Welcome to the club: Corvo drops the gloves

585324.jpg

Welcome to the club: Corvo drops the gloves

The points havent arrived fast and furiously for Joe Corvo on the power play this season like many people expected they would.

Corvo doesnt have a single goal on the season in 24 games despite the big shot from the point position in the power play formation, and there has been a healthy dose of frustration despite 10 assists and a plus-8 rating over that time.

Yeah, goal-wise. I'm getting chances . . . but I'm just, for some reason either missing the passes or shooting wide, Corvo admitted. I'm getting a lot of shots but I don't know. It is what it is.

So when Toronto energy forward Joey Crabb took a run at Corvo midway through the third period in Saturday nights 4-1 win for the Bruins over the Leafs, Corvo did something hes never done in his NHL career.

The Bs defenseman dropped the gloves in anger for the first time in 592 games and started throwing punches with Crabb.

It wasnt an extended bout and there werent exactly haymakers being tossed around, but his Bs teammates were impressed that Corvo stepped out of his comfort zone to defend himself at the proper time.

It's the right building to do it in front of, said Corvo. I think everybody likes to see that once in a while so, get a little fight out of one of the guys who don't normally do it.

I mean I'm not scoring goals so I got to do something to try to stand out or something positive so I'll just fight my way out of this I guess.

The Bruins defenseman is known much more for his puck-moving abilities and his offensive skills, but his first fight also stands as one of his first official moments of becoming a Bruin.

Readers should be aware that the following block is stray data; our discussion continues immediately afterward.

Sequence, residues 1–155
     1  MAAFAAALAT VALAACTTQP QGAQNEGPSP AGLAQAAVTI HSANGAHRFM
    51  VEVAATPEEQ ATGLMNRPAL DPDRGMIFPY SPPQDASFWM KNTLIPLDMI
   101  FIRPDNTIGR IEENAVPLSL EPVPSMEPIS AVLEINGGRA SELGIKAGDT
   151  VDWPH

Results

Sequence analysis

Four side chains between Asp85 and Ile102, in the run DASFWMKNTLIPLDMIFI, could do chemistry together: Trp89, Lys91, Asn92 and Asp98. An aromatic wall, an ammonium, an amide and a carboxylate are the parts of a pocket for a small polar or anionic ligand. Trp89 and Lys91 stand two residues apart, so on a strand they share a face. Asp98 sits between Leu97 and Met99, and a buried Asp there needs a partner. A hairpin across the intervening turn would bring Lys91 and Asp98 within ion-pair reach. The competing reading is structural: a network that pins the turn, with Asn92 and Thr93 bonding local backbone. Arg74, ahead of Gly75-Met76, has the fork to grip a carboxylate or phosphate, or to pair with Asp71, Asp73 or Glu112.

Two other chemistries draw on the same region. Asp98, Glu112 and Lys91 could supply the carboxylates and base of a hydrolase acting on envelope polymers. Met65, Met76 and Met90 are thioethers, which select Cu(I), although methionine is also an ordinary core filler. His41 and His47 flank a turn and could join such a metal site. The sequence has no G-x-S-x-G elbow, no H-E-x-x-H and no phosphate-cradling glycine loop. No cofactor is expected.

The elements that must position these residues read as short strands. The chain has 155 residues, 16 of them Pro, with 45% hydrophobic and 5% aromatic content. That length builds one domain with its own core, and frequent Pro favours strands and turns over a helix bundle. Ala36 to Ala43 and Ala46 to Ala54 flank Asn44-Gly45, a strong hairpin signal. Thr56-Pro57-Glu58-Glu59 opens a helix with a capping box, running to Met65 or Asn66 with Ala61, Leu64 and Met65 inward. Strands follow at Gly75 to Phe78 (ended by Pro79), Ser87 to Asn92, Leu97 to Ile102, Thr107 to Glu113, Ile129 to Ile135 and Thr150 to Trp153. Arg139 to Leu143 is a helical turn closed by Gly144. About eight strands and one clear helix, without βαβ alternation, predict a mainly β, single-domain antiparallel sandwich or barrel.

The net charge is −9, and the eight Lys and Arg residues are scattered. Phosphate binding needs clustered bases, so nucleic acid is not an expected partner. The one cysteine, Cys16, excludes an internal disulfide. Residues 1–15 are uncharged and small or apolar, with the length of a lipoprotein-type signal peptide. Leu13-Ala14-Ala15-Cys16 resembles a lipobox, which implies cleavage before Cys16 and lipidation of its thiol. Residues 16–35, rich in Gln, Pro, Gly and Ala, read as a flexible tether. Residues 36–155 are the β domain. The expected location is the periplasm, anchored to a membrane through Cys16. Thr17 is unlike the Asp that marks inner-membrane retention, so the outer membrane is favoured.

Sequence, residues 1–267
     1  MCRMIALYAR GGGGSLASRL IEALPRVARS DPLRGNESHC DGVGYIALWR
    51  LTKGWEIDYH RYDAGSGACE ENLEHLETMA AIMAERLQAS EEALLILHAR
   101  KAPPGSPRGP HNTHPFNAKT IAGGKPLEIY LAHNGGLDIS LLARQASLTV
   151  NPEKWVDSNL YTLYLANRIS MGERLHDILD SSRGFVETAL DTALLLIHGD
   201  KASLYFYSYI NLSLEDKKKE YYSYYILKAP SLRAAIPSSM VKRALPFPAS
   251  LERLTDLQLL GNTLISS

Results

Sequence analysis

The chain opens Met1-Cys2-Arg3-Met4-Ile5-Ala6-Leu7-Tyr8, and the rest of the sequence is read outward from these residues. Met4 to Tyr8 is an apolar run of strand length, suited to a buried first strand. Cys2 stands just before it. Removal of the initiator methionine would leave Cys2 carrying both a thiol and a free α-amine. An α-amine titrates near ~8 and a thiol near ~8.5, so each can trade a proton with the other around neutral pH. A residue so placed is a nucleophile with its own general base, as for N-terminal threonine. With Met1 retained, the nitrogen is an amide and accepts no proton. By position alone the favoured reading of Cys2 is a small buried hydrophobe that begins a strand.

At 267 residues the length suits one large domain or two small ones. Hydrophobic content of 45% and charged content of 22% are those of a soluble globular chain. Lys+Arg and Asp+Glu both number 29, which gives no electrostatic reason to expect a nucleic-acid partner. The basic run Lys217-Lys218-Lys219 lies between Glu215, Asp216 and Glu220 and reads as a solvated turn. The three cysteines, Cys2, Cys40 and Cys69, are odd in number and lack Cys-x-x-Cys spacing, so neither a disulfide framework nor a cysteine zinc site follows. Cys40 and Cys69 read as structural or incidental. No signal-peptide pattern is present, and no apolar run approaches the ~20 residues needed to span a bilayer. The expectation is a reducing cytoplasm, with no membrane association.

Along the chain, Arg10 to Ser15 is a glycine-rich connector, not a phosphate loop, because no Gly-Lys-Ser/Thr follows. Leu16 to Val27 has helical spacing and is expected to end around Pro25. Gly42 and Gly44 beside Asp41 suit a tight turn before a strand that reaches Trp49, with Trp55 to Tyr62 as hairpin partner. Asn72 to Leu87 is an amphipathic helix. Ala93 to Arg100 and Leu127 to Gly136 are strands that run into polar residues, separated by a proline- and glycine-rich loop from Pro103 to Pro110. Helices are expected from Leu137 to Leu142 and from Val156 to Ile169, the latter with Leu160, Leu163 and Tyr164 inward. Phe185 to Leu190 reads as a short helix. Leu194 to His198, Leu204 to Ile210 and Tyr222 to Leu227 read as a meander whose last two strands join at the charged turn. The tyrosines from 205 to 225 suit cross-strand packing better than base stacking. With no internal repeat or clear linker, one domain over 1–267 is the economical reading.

He wants to be part of this hockey club and he wants to be part of the identity and making sure he stands up for himself, said Claude Julien. I could be wrong but I heard this was probably his first NHL fight. It might be, and if it is, its nice to see him stand up for himself.

He could have easily walked away from that and let it be. But hes seen our team, how we handle ourselves and how we solve our issues on our own, we dont wait for anyone else to do it.

Corvo was also out on the ice for a monster shift by the David Krejci, Milan Lucic and Nathan Horton line where the group of five Bruins players pounded the Leafs with dominant possession in the offensive zone. The Bruins used their size and strength to dictate terms to the struggling Leafs defense, and dominated the third period of a one-goal game entering the final 20 minutes.

The Leafs were so rattled and exhausted by the tilting of the ice that they were forced into calling a timeout to rest their exhausted skaters that couldnt get off the ice for a changing of forwards or defensemen. Perhaps it was frustration at their inability to win battles against the Bruins that precipitated the fight, but whatever the reason Corvo and the Bs got the last laugh after his first round of NHL fisticuffs.

The long shift kind of seemed like a moment where we were kind of silently saying 'try and hang with us,' kind of like a challenge, said Corvo. We were out there, you notice they're tired and it's kind of like a shark seeing blood in the water and we tried to take advantage of it. We tried to help keep them pinned in the zone. And those are fun moments for me. It's fun to be involved in that stuff and be involved in offense.

Even more fun than dropping the gloves for the first time in a long and productive NHL career before he officially became a Big Bad Bruin.

Bruins' skid continues in 6-3 loss to Lightning

Bruins' skid continues in 6-3 loss to Lightning

BOSTON – The Bruins are doing it again.